Why Do They Stay? Building a Conceptual Model to Understand Worker Retention and Turnover in Public Child Welfare
- Author(s): Benton, Amy Denise
- Advisor(s): Stone, Susan
- et al.
Retention of public child welfare workers has been a recognized problem and a topic of interest among child welfare researchers for many years. However, findings in the literature are conflicting and the research is largely atheoretical. While many variables relevant to retention and turnover have been identified, the literature lacks explanation of how the variables are related.
The goals of this study were, thus, twofold. The first objective was to build a conceptual model using qualitative data generated from interviews of child welfare workers, theoretical works, as well empirical research which might explain retention and turnover specifically in the field of child welfare. The second objective was to test the conceptual model using logistic regression techniques on a large quantitative sample (N=1,121). This study employs mixed methods and draws its data from a larger ongoing study, utilizing a voluntary sample of child welfare workers who have participated in a Title IV-E MSW program in the state of California, have completed their work obligation period, and have either chosen to remain in public child welfare (stayers) or leave (leavers).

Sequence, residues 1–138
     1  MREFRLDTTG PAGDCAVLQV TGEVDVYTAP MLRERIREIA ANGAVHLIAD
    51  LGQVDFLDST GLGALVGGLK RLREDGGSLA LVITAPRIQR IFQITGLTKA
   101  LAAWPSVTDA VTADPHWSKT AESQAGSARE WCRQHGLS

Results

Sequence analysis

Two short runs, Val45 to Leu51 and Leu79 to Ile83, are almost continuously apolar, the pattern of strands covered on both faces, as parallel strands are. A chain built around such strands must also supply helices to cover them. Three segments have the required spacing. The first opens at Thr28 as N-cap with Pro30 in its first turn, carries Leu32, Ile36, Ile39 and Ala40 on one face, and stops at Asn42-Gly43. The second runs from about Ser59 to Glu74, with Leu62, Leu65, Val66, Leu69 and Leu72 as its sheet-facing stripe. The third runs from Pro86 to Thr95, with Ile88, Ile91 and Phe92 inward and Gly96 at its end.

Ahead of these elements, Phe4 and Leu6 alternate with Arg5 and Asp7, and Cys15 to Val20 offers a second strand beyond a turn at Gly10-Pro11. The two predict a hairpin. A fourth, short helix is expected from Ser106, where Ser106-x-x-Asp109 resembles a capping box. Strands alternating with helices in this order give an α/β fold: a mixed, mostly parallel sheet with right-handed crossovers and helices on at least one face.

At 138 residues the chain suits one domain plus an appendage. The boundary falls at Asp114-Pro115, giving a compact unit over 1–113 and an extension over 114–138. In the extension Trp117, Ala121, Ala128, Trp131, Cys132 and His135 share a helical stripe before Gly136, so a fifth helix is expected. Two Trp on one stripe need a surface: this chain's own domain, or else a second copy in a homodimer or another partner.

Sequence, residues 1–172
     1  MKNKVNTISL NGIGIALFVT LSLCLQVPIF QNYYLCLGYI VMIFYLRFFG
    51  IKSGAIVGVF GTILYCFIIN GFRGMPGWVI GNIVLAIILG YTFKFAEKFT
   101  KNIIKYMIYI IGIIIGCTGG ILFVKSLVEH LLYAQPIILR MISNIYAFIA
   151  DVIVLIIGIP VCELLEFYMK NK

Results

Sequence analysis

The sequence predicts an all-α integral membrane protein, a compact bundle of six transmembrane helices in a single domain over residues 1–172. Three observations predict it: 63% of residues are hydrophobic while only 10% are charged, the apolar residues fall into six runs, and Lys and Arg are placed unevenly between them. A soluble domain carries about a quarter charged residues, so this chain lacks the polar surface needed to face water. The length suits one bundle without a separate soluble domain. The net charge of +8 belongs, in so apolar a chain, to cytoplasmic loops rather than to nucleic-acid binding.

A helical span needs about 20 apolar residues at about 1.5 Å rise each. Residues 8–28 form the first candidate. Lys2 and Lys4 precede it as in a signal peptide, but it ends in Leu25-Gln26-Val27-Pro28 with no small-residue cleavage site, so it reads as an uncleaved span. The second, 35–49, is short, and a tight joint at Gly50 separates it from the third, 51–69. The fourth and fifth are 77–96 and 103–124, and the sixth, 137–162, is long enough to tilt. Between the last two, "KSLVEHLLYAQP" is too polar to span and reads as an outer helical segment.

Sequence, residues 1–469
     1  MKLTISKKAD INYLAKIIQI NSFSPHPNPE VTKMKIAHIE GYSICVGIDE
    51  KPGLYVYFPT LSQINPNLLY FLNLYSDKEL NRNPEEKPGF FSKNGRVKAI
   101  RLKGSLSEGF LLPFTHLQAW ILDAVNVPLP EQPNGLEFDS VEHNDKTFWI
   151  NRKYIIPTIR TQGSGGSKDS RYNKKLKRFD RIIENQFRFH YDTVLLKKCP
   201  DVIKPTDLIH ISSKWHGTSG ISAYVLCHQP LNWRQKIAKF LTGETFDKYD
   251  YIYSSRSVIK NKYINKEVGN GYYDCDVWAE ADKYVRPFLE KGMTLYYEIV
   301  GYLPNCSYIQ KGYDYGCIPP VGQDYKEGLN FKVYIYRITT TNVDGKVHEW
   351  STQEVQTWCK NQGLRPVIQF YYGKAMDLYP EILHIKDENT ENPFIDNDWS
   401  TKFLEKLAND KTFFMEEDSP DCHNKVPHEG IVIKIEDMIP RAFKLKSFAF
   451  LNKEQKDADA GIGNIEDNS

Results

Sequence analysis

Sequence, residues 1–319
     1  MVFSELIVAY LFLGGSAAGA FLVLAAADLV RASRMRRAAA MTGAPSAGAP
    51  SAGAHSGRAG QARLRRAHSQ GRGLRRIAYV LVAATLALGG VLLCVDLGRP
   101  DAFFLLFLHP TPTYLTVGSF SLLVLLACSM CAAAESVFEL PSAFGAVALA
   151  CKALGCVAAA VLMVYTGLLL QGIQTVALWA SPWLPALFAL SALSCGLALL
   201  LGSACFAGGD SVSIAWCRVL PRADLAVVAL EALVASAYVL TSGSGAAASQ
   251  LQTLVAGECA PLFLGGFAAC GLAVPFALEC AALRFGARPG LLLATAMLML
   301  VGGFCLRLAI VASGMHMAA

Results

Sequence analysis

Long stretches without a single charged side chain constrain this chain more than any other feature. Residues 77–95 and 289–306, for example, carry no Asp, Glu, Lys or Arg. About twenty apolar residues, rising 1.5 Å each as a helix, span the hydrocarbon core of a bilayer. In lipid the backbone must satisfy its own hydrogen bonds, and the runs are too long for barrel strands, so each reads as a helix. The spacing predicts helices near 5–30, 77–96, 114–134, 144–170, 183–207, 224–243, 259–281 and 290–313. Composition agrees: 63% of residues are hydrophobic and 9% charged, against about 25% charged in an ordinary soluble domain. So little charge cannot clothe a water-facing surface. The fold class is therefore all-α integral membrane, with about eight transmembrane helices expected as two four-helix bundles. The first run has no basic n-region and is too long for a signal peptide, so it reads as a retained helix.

Results suggest that the conceptual model successfully identifies the complexity of the process that leads to retention and turnover behavior. Variables from three categories (individual, organizational, and response to job factors) are identified as predicting retention. Previous county employment, supervisor support, and client-related stress were all related to predicting retention. The implications of the study findings for social work education, agency practice, theory building and research are offered.